As we continue to shift away from a traditional five-days-a-week office-based work construct, workplace relationships built upon mutual employee-employer trust will become even more critical in organizational structures that include remote or hybrid work modalities. For managers struggling to trust that employees are indeed working when outside the office, a recent Harvard Business Review article[i] provides data addressing this concern. Research showed that “many managers were also dubious about whether remote workers can remain motivated over time, with 41 percent agreeing with the statement ‘I am skeptical as to whether remote workers can stay motivated in the long term.’” To mitigate similar concerns within our own organization, our leadership has committed to providing employees with ample workstyle choices while empowering and trusting teammates to leverage what they need, when they need it. This includes not only flexible remote working hours, but also support resources, education, and strategies for staff at home. We encourage innovation across the organization, in rethinking how and when we work. Challenging the virtual norm, mangers are on the lookout for “Zoom fatigue,” scheduling walking, talking one-on-one and team meetings when possible. We recognize that staff wellbeing is embedded in the very meeting platforms we choose, in how we bring people together, and how we can help each other more deliberately un-tether ourselves from the workspace.

Quarter-mile indoor walking track for Confidential Automotive Company Innovation Center, Austin, Texas. Photograph courtesy of SmithGroup.

Designing for Continued Success

Whether working at home or in a company’s physical office, long-proven design principles can and should be applied to positively influence health and wellbeing across settings. Employers continue to seek out opportunities to incorporate the following to promote wellness within their workspaces. Forward-thinking organizations are encouraging teammates working remotely to do the same.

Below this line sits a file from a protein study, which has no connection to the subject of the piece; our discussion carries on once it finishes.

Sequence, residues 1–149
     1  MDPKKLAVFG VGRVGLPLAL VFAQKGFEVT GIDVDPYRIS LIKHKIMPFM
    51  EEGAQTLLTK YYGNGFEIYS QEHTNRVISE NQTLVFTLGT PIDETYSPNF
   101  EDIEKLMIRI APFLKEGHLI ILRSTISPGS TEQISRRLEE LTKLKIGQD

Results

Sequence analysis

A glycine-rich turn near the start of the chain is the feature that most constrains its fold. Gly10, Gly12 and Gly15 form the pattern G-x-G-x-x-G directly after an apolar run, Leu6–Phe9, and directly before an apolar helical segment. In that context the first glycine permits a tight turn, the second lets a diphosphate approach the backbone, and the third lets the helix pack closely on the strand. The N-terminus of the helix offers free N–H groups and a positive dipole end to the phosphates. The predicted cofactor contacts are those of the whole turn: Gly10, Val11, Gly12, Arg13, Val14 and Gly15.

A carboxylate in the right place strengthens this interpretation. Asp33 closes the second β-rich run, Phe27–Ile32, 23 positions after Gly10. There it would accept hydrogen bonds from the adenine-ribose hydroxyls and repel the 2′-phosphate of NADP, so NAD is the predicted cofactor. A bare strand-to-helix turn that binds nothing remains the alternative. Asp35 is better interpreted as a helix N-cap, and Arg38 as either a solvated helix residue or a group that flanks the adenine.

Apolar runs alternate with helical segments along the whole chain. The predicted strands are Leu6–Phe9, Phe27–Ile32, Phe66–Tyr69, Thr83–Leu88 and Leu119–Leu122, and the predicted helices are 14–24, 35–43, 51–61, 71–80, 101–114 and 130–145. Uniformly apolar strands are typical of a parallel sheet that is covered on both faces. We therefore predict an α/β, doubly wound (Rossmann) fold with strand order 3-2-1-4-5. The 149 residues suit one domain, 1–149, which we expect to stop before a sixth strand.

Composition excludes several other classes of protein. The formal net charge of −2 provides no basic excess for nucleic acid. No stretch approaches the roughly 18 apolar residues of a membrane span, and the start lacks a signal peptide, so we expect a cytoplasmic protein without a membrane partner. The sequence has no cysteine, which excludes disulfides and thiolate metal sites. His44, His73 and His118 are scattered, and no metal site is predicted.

Embrace Connections to Nature

Research shows that connections to nature and outdoor spaces can yield tremendous health benefits, including reduced stress, increased cognitive function and more. As we ease through the COVID-19 pandemic, we continue to work with clients that are exploring incorporating rooftop decks, gardens, sustainable landscape design, walking trails, and strategically placed architectural design elements to help promote wellbeing, health, safety, and responsible social distancing for employees returning to the office.

In urban environments or locations with limited access to nature and outdoor spaces, natural daylight, lighting design, biophilic design and plantings also remain viable and effective alternatives that can help enhance wellbeing in a variety of spaces. Pre- and post-occupancy data collected from several of our urban-centered locations (Boston, Chicago, San Francisco) confirms that the use of these tactics has helped to elevate mood and increase productivity and cognitive function within the office.

Enhance Indoor Environments & Systems